If Peter, one of the twelve apostles and writer of two New Testament letters, could fall into xenophobic behavior after Jesus had restored him to ministry because he was afraid of what the other xenophobes might say, and if Barnabas, widely known as “the son of encouragement,” could stumble right alongside him, aren’t we also capable of excluding those whom Jesus embraces? If King David, who gave us beautiful worship poetry in the Psalms and who was identified by the Lord himself as “a man after God’s own heart,” could abuse his power by taking Bathsheba—also the daughter of one of his most loyal friends—to sleep with him and then scheming to have her husband, also a loyal friend, killed to cover it up, aren’t we also capable of abusing our power to get from others whatever we want?

To these, we could also add many of the titans from church history. John Calvin participated in the execution of a man whose crime was disagreement with Christian doctrine. Martin Luther made statements that were racist and anti-Semitic. Jonathan Edwards owned slaves until the day he died. Martin Luther King Jr. was unfaithful to his wife as he traveled the country preaching from the Bible and leading the civil rights movement.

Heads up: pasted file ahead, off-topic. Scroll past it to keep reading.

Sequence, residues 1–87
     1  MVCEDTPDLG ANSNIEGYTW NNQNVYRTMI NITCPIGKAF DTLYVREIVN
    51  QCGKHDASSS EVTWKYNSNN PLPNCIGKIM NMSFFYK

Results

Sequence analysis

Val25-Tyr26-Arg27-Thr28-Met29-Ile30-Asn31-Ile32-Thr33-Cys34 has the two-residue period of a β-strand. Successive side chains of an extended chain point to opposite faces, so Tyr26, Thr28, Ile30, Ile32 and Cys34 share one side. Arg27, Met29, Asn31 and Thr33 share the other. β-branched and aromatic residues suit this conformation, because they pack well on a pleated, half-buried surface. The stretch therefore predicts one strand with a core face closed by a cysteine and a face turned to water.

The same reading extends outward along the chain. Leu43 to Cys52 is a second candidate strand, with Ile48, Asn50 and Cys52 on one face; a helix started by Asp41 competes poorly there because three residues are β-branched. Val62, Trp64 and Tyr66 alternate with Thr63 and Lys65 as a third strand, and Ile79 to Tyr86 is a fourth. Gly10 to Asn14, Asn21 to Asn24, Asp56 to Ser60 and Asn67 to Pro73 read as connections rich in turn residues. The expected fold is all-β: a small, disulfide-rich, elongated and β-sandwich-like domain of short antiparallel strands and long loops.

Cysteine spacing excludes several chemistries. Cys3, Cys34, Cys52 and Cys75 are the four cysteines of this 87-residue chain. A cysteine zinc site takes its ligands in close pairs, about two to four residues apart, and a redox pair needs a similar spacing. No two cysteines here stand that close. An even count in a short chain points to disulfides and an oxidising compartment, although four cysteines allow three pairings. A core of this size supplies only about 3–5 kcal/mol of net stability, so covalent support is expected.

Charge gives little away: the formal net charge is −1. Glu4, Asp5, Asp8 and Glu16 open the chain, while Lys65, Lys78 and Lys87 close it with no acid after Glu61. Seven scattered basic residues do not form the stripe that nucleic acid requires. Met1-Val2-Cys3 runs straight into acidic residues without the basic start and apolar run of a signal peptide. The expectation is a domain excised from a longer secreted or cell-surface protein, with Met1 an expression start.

On the one hand, I find the stories of such leaders strangely encouraging. If there is hope for these, then there is also hope for someone like me. On the other hand, their stories, their foolishness and their sin should instruct us and help us live differently. Their stories teach us the importance of guarding our hearts, because our hearts, especially when we think they are not vulnerable or susceptible to sin, are more vulnerable and susceptible than ever.

“Let anyone who thinks that he stands take heed,” said the apostle, “lest he fall. No temptation has overtaken you that is not common to man” (1 Cor. 10:12–13).

Are you a leader who thinks you are not vulnerable? Are you like the person who looks at the acorn and thinks that such a little thing could never become an oak tree, or a forest or a forest fire? The sin in our hearts is the acorn. It has the power, if not crushed, to germinate, to become a sprout … and then a tree … and then an entire forest.

This is in part why Jesus, in the Sermon on the Mount, warned not only against adultery but against lust in the heart. This is also why he warned not only against murder but against a grudge in the heart. Every adulterous fling begins with a “harmless” thought or glance, and every murderous rampage begins with a seemingly insignificant grudge.

Wherever our hearts are vulnerable, it is essential to crush the acorn before it becomes a sprout, to dig up the sprout before it grows into a tree, to chop down the tree before it becomes a forest, to plow the forest before it takes over more and more land.